Toyota’s battery joint venture to source nickel from BHP
The commodities group BHP and the Toyota-Panasonic joint venture Prime Planet Energy & Solutions have agreed on a memorandum of understanding on the supply of nickel. The material is to come from BHP’s new production facility in Western Australia.
The third signatory to the memorandum of understanding between BHP and the battery joint venture established last year by Toyota and Panasonic is Toyota Tsusho, a Toyota trading company. How much nickel sulphate and in what value BHP will supply to Prime Planet is not clear from the commodities group’s statement. After all, it is still a letter of intent, not a final supply contract.
The deal goes beyond just material supply: the companies also intend to find ways to implement standards for full traceability of raw materials and their ethical sourcing, and to explore the possibility of battery recycling.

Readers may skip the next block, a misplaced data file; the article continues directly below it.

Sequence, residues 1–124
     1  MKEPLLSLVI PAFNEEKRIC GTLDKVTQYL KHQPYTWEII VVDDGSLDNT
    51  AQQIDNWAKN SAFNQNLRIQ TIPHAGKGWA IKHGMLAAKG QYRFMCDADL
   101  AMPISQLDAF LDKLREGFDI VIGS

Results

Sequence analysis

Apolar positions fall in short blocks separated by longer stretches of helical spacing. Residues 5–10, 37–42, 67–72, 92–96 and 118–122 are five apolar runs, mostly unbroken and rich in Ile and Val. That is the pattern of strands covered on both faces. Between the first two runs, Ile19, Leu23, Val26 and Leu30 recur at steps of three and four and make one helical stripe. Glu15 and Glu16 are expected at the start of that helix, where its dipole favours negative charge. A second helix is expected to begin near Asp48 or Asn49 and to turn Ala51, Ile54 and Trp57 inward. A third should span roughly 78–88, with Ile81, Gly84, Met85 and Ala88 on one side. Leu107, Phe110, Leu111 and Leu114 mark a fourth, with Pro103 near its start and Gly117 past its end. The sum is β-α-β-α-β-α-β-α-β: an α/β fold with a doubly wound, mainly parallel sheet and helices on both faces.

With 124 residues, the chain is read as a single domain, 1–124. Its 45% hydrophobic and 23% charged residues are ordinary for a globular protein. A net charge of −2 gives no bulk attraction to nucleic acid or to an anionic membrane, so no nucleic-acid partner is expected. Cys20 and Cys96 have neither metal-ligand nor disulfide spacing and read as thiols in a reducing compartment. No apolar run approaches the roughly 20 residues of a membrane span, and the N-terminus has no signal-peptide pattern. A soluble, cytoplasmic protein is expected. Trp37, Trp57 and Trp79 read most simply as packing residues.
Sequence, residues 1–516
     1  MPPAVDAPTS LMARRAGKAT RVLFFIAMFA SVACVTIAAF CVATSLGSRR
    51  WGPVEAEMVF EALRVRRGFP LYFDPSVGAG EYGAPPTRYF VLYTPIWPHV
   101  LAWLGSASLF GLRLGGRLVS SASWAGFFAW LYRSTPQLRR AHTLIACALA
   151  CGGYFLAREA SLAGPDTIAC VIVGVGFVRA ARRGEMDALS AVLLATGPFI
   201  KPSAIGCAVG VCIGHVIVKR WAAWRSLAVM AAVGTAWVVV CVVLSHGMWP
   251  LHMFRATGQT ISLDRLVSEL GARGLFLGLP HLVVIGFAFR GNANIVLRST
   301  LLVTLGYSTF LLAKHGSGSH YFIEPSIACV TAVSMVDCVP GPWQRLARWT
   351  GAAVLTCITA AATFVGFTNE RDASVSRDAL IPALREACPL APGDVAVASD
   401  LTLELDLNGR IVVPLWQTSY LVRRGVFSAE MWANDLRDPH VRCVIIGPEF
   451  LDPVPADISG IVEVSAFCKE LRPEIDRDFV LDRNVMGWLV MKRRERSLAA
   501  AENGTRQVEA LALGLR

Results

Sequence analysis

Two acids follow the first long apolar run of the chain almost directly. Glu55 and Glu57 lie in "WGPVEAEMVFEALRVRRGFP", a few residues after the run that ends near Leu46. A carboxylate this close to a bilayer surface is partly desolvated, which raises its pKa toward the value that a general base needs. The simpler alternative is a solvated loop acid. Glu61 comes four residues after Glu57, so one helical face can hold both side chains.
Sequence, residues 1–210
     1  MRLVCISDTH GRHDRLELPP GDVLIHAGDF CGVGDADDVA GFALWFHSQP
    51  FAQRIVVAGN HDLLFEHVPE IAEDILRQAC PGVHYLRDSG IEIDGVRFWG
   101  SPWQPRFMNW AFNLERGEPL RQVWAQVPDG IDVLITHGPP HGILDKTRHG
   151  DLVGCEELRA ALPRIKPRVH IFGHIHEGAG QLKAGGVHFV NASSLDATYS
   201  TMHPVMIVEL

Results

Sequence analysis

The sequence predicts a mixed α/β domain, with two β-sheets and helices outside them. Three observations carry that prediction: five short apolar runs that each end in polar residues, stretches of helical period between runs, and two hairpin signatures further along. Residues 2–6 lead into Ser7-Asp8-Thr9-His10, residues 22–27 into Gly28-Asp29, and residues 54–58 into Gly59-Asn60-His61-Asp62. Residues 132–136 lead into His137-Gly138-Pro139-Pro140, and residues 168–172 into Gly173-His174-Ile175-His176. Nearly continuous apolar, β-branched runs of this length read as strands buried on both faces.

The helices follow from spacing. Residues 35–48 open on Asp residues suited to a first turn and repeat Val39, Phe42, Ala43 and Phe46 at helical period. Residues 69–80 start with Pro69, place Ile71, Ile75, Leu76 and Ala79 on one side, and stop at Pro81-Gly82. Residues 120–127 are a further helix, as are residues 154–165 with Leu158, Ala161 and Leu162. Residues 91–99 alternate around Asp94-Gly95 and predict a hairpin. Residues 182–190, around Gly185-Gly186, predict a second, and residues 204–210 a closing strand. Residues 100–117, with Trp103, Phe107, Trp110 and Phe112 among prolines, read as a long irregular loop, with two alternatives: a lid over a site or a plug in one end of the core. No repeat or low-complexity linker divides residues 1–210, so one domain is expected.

“This partnership has great potential to secure competitive raw materials as well as to create battery material recycling loops, which is crucial for EV development in the future,” said Masaharu Katayama, chief operating officer metals at Toyota Tsusho.
In July this year, Tesla had also signed a supply agreement with BHP for nickel, which will also be mined at BHP’s Nickel West site in Australia. Nickel is a small business for BHP, with the division accounting for less than one per cent of group revenues – BHP makes most of its sales from iron ore. Only last week, BHP produced its first commercial batch of nickel sulphate at its Nickel West plant at Kwinana near Perth.
Nickel is an important raw material for lithium-ion batteries and is used to increase the energy density of the cells. One of the world’s most important nickel producers is Indonesia, where about a quarter of global deposits are located. According to Reuters, the carbon footprint of Nickel West is said to be only about half that of nickel from Indonesia because a process with lower energy requirements is used in Australia.
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